Well, first Dan tells us what doesn’t motivate– money. Yes, I said money. Believe it or not, money is NOT a main ingredient in the recipe for motivation. Dan says people should be paid enough so that money is not an issue. Once money is taken out of the motivation equation, leaders can shift their focus to 3 areas of human desire.

  1. Autonomy. People have a strong desire to be self-directed.
  2. Mastery. Why does the artist finish the painting that no one will see? Because he hopes to master his craft. He feels challenged and the completion of his sculpture is satisfying.
  3. Purpose. A common characteristic among some of today’s most successful companies is a strong overall purpose. Purpose (rather than profit) helps people come to work everyday.

According to Dan, leaders should stop treating people like horses chasing carrots (aka money) and work to fulfill these three desires.

Watch the video. What do you think? Are you driven by mastery?

DC’s Eclectic Art Spaces

The Dunes, an arts space in Columbia Heights, advertises itself as an art gallery, concert venue, retail popup shop, cocktail lounge, and private event space. PHEW! What a list?! The Dunes is just one example of an emerging trend among DC art galleries–diversification. Around town, fashion shows are being coupled with photography exhibits, art displays are infiltrating coffee shops, and theater actors are stepping down from the main stage to perform at local bars. The DC art scene is mixing things up.

The Washington Post article, Creative convergence: Washington’s new gallery scene, discusses the changing face of DC art galleries and lists their pick for the top 5 arts spaces to visit. Looks like the DC art scene has some savvy entrepreneurs.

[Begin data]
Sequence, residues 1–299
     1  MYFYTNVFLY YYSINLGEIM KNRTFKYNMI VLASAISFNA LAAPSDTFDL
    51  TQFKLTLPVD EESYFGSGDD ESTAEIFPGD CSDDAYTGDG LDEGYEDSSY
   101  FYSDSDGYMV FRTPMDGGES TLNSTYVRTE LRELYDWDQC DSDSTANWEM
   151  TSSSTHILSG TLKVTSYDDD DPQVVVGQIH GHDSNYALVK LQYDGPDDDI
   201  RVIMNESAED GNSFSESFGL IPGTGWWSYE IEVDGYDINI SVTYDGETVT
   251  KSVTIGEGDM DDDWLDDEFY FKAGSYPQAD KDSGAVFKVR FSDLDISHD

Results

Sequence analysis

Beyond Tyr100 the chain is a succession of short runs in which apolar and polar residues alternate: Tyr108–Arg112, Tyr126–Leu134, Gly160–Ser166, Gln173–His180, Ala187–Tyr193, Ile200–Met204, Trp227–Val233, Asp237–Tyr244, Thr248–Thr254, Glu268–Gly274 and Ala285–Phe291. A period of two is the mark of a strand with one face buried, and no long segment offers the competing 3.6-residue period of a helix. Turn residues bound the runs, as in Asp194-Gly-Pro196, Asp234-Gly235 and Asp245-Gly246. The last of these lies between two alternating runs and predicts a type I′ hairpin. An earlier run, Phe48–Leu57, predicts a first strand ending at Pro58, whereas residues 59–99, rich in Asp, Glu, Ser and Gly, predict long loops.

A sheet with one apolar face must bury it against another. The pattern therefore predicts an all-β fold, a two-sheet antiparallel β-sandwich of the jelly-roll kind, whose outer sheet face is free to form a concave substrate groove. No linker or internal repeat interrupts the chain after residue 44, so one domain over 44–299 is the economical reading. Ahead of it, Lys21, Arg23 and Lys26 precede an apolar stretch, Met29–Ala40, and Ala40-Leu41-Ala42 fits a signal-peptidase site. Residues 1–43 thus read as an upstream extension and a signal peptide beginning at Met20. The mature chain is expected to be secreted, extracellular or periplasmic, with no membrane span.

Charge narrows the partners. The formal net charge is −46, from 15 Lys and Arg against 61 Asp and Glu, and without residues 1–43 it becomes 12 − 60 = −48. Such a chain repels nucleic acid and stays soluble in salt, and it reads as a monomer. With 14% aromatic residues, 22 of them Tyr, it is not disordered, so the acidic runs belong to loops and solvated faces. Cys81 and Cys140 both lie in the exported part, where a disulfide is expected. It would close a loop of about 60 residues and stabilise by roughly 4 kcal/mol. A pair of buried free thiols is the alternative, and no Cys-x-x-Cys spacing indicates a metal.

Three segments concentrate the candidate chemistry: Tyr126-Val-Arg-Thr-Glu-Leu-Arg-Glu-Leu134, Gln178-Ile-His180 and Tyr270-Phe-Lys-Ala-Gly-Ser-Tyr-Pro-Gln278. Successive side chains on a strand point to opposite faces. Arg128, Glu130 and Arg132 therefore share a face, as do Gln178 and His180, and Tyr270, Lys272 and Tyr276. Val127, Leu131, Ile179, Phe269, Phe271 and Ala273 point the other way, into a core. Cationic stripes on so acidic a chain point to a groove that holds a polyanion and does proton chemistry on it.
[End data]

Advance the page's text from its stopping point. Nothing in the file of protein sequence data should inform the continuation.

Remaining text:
Take a look!

Bipolar or just creative?

I recently read the book, Creativity: Flow and the Psychology of Discovery and Invention by Mihaly Csikszentmihalyi. The book traces an in-depth study of creative individuals and the creative process. Why spend time studying creativity when there is so much research to be done in the field of medicine or economics or…? The list goes on and on. Well, Mihaly says that creativity is essential to life not only because creativity enriches culture and quality of life but also because creative thinking leads to solutions for the world’s problems. “If the next generation is to face the future with zest and self-confident, we must educate them to be original as well as competent” he writes.

As you know, creative people come in ALL shapes and sizes. It would be impossible to define the personality of the “creative individual.” However, Mihaly is able to pinpoint one personality trait that is common to all creatives– complexity. He defines complexity as demonstrating “tendencies of thought and action that in most people are segregated…contradictory extremes.” Creative individuals easily swing between these contradictory extremes.

Mihaly lists ten examples of opposing personality trait pairs.

When an individual can be

  1. energetic but quiet and restful
  2.  smart yet naïve
  3.  playful and disciplined
  4.  imaginative and realistic
  5.  extroverted and introverted
  6.  humble yet proud
  7.  masculine and feminine
  8.  rebellious yet conservative
  9.  passionate yet objective
  10. sensitive to both the pain and enjoyment of their work

I love this concept. After reading the chapter on complexity I felt invigorated. I am not bipolar…I am creative! Ok maybe that is a bit severe, but truthfully, I was able to look at my thought processes differently. Times when I feel spastic or out of control, I try to remind myself that I am creative and it is an asset that I am able to jump between extremes of thought and emotion.